Kureishi's drama The Mother was adapted to a movie by Roger Michell, which won a joint First Prize in the Director?s Fortnight section at Cannes Film Festival. It showed a cross-generational relationship with changed roles: a seventy-year-old English lady and grandmother (played by Anne Reid) who seduces her daughter's boyfriend (played by Daniel Craig), a thirty-year-old craftsman. Explicit sex scenes were shown in realistic drawings only, thus avoiding censorship.

His 2006 screenplay Venus saw Oscar, BAFTA, Screen Actors Guild, Broadcast Film Critics Association and Golden Globe nominations for Peter O'Toole in the best actor category.

His latest novel, Something to Tell You, will be published in 2008.

Kureishi is married and has a pair of twins and a younger son.

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[edit] Bibliography
1990 The Buddha of Suburbia. London: Faber and Faber.
1995 The Black Album. London: Faber and Faber.
1998 Intimacy. London: Faber and Faber.
2001 Gabriel's Gift. London: Faber and Faber.
2003 The Body. London: Faber and Faber.
2008 Something to Tell You. London: Faber and Faber.
Story collections
1997 Love in a Blue Time London: Faber and Faber.
1999 Midnight All Day. London: Faber and Faber.
Plays and screenplays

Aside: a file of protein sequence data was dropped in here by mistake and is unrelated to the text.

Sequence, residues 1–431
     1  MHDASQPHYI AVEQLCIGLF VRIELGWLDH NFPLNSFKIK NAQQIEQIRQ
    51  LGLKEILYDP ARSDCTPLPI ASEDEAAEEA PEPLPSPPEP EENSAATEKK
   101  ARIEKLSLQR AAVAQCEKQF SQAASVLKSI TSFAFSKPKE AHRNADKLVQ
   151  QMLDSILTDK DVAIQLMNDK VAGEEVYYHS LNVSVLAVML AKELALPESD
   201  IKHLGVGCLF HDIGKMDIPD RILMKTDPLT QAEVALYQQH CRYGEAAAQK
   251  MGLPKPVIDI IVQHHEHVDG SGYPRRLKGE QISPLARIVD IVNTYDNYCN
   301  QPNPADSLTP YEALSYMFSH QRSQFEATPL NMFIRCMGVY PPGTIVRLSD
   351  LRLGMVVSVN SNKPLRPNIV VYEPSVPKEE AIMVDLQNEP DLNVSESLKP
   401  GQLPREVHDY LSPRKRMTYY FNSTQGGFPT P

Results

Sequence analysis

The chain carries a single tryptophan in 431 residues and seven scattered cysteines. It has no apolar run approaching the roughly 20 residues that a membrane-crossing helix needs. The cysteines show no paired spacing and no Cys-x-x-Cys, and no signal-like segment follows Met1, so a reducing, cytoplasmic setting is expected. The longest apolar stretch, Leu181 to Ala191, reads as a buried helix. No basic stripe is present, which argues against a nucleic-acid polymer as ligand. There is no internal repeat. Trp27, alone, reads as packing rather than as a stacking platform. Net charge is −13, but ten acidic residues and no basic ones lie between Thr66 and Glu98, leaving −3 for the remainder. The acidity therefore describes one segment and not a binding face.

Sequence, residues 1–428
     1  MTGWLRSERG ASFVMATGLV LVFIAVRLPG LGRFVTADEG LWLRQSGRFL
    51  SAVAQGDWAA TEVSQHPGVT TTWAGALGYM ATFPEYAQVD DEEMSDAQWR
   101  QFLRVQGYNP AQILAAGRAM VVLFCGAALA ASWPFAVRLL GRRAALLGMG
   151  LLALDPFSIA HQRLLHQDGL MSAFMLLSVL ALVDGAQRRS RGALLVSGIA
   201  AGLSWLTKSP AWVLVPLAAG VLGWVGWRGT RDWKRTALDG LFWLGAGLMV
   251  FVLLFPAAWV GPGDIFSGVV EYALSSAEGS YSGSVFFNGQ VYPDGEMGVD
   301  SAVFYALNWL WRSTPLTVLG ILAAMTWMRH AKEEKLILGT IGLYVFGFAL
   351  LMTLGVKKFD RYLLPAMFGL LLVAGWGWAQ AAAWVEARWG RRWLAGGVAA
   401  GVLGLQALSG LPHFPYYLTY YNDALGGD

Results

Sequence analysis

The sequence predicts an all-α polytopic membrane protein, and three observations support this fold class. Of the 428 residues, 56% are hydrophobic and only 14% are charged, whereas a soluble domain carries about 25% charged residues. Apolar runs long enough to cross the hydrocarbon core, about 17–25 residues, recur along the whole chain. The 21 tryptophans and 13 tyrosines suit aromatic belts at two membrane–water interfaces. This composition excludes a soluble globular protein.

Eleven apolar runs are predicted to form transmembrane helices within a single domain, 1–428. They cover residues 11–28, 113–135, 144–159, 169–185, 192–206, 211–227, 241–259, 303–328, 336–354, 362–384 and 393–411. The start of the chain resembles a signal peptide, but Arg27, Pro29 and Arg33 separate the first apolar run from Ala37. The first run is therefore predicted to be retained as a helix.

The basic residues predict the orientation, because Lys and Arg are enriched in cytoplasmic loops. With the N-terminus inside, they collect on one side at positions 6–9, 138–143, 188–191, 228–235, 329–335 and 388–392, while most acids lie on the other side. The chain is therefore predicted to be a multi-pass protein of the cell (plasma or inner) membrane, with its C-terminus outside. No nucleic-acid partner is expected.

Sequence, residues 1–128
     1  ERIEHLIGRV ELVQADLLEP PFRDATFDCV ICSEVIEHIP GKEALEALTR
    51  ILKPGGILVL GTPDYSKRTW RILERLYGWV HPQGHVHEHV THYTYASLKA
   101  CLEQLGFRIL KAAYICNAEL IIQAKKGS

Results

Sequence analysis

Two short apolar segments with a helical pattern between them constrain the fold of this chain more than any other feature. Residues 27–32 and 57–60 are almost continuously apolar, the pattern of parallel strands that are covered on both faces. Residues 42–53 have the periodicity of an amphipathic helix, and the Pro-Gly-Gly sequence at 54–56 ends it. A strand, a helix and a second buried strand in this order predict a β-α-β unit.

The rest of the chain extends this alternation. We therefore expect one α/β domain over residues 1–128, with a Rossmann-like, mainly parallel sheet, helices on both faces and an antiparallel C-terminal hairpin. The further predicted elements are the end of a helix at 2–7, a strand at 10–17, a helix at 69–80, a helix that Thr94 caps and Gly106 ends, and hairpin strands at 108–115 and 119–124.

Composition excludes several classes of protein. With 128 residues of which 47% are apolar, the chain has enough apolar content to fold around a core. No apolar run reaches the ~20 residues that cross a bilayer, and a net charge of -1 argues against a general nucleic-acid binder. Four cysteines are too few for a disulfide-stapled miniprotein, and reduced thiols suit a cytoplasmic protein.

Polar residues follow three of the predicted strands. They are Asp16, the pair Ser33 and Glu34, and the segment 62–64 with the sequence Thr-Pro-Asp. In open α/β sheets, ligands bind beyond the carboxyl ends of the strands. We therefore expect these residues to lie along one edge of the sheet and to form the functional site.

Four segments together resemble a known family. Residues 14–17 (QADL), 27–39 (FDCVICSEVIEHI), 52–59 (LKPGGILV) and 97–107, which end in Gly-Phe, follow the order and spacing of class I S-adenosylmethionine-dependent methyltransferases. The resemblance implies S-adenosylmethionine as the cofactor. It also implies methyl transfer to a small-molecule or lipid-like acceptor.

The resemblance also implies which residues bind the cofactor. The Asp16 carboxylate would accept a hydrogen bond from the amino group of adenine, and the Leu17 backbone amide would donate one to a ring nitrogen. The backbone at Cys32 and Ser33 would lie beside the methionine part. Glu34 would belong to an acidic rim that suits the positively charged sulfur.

1988 Sammy and Rosie Get Laid. London: Faber and Faber.
1991 London Kills Me. London: Faber and Faber.
1996 My Beautiful Laundrette and other writings. London: Faber and Faber.
1997 My Son The Fanatic. London: Faber and Faber.
1999 Hanif Kureishi Plays One. London: Faber and Faber.
1999 Sleep With Me. London: Faber and Faber.
2002 Collected Screenplays Volume I. London: Faber and Faber.
2003 The "Mother". London: Faber and Faber.
2007 Venus. London: Faber and Faber.
2002 Dreaming and Scheming: Reflections on Writing and Politics
2004 My Ear at His Heart. London: Faber and Faber.
2005 Word And The Bomb . London: Faber and Faber.
As editor
1995 The Faber Book of Pop. London: Faber and Faber.
Critical works about Kureishi
Moore-Gilbert, Bart. Hanif Kureishi (Contemporary World Writers). Manchester: Manchester University Press, 2001.

[edit] Filmography
1985 My Beautiful Laundrette
1987 Sammy and Rosie Get Laid
1991 London Kills Me (and director)
1993 The Buddha of Suburbia (television miniseries, based on the novel)
1997 My Son the Fanatic (based on his own short story of the same title)
1999 Mauvaise passe (aka The Escort, aka The Wrong Blonde) (with Michel Blanc}
2003 The God of Small Tales (short) (with Akram Khan)
2003 The Mother (adapted from the play)
2006 Venus
2007 Weddings and Beheadings (2007)
Story basis only
2001 Intimacy
2006 Souvenir

[edit] External links
Kureishi's website
Hanif Kureishi at www.contemporarywriters.com
Hanif Kureishi at the Internet Movie Database
Hanif Kureishi biography and credits at the British Film Institute's Screenonline
Faber and Faber - UK publisher of Hanif Kureishi
Waraich, Omar. When Bombs Speak Louder Than Words, Interview with Hanif Kureishi. The Daily Star, Beirut -International Herald Tribune Jan 28 2006
"In Conversation: Hanif Kureishi with Hirsh Sawhney". The Brooklyn Rail, July/Aug 2006
Audio interview with Hanif Kureishi from open2.net
About "My Son The Fanatic" Interpretations of and more background information on the short story.
Reference to family controversy [[1]]

[edit] See also
List of authors
List of English novelists
List of novelists
List of playwrights
List of screenwriters
List of short story writers